Gun control groups are excited about Vivek Murthy's confirmation's, but before his confirmation his supporters were pointing to his promise not "use the Surgeon General's office as a bully pulpit for gun control," and instead would make his top priority "obesity prevention."  So why should the gun control groups be so excited? Was it because he didn't mean his promise to the Senate?


Powerful interview of CIA interrogation "architect" where he reacts to Senate interrogation report

The interview with Psychologist James Mitchell is very powerful (it is available here).  Really brings into question the Senate Democrats' report.  Senate Democrats have publicly outed this man and have put his life in danger.  They also refused to talk to Dr. Mitchell or anyone else who was actually involved in these interrogations.  This is only two-thirds of his Mitchell's interview tonight, but it is still very worthwhile.



Homeowner shoots man who broke into home around 8:30 AM

From Jefferson County, Colorado:

. . . . Investigators told 7NEWS the intruder broke into a home on Clear View Drive, near Interstate 70 and Lookout Mountain, around 8:30 a.m. 
There was a confrontation between the man and the homeowner and the homeowner shot and killed the man. 
The Jefferson County Sheriff's Office said they don't know yet how the intruder got into the home. 
Investigators told 7NEWS they believe this shooting will fall under Colorado's Make My Day law, but they are investigating. Under the statute, any occupant of a dwelling is justified in using any degree of physical force, including deadly force, against another person when that other person had made unlawful entry into the dwelling and occupant feels threatened. Homeowners are immune from criminal prosecution and civil liability for the use of force. . . .


Will Florida pass a law that would allow people with permits to carry a concealed handgun on college campuses?

After a mass public shooting at Florida State University left students defenseless last month, one area state legislator is trying to fix the problem.
. . . The proposal (SB 176), filed Thursday Sen. Greg Evers, R-Baker,  is identical to a bill (HB 4005) filed earlier this week by Rep. Greg Steube, R-Sarasota. The bill would allow people with concealed-weapons licenses to carry guns on campus. It comes after an incident last month at Florida State University in which a gunman shot three people at the campus library before he was killed by police. 
The bills will be considered during the 2015 legislative session. 
Steube said he already planned to sponsor the measure before a shooting incident last month at Florida State University —- but that the attack, which left three people injured and the gunman dead, helps to make his point. The bill would apply to people who are licensed to carry concealed weapons. 
“I think it (the attack) brings it closer to home for people who think these events don’t occur in Florida, or that law enforcement can prevent them from happening,” Steube told The News Service of Florida. . . .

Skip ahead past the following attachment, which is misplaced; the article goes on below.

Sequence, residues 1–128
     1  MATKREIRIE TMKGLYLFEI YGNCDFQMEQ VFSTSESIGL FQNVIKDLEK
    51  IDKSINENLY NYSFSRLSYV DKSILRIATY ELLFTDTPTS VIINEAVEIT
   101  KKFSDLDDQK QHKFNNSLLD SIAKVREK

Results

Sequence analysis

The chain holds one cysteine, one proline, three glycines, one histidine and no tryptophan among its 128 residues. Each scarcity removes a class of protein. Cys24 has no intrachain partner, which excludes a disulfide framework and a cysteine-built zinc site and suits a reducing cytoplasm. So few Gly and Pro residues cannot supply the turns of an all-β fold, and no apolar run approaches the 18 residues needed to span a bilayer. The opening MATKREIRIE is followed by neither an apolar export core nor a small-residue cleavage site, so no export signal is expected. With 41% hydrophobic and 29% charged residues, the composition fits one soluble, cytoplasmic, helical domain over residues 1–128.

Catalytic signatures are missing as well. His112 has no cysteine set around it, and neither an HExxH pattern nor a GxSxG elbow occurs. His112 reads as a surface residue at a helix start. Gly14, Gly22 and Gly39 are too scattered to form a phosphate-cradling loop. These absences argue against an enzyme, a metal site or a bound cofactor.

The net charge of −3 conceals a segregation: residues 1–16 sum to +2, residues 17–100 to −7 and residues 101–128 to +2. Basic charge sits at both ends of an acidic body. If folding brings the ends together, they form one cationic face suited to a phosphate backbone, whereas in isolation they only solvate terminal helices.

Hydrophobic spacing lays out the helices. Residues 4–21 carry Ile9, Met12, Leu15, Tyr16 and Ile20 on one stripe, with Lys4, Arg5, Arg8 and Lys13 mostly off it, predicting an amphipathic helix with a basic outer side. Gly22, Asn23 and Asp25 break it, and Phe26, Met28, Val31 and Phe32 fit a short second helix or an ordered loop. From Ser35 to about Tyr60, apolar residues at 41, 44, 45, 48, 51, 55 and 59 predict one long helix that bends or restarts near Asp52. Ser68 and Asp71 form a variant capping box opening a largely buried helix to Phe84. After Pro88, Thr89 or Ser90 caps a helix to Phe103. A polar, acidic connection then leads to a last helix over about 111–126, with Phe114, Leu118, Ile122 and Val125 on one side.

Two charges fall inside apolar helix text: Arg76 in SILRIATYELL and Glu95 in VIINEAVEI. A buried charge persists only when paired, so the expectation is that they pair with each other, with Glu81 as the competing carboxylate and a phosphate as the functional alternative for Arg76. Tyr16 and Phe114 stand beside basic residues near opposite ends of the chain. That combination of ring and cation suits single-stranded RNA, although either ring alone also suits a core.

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A bill in Texas to prevent students being expelled fro using a Pop Tart as a gun

From the Houston Chronicle:
. . . Rep. Ryan Guillen, D-Rio Grande City, has filed a bill that would prohibit schools from punishing students who use their hands, playthings and, yes, even pastry items to mimic firearms. The proposed legislation also would protect students through the fifth grade who play with toy guns or draw or possess pictures of guns. 
Guillen said he filed the bill after a second- grader in suburban Maryland was suspended for two days in March 2013 for chewing his Pop- Tart into the shape of a gun. A similar situation has not arisen in Texas. 
"Texas students shouldn't lose instruction time for holding gun-shaped Pop-Tart snacks at school," said Guillen. "This bill will fix this." 
The story of Josh Welch, who finished out the year in his Anne Arundel County school, grabbed national headlines and even netted the now 9-year-old a lifetime membership to the National Rifle Association. His teacher said the suspension followed a history of problematic behavior, but Welch's case became a rallying point for gun rights advocates after his parents said the punishment represented a gross overreaction. . . .



More political correctness at universities: "UCLA law professor learns Ferguson-related exam question taboo"

My son Maxim has a new piece up at Fox News:
Professor Robert Goldstein said the exam question was designed to test students’ ability to analyze the line between free speech and inciting violence. It cited a report about how Michael Brown’s stepfather, Louis Head, shouted, “Burn this bitch down!” after a grand jury decided not to indict Ferguson Police Officer Darren Wilson in the death of Michael Brown.
The question then asked students to imagine that they are lawyers in the St. Louis County Attorney’s office and had been asked to advise the prosecutor “whether to seek an indictment against Head” for inciting violence. The exam reads:
“[As] a recent hire in the office, you are asked to write a memo discussing the relevant First Amendment issues in such a prosecution. Write the memo.”
But students complained, and writer Elie Mystal at the popular legal blog “Above the Law” opined that the test question was “racially insensitive and divisive.” Mystal also incorrectly alleged that the question asked students to “advocate in favor of extremist racists in Ferguson.” . . .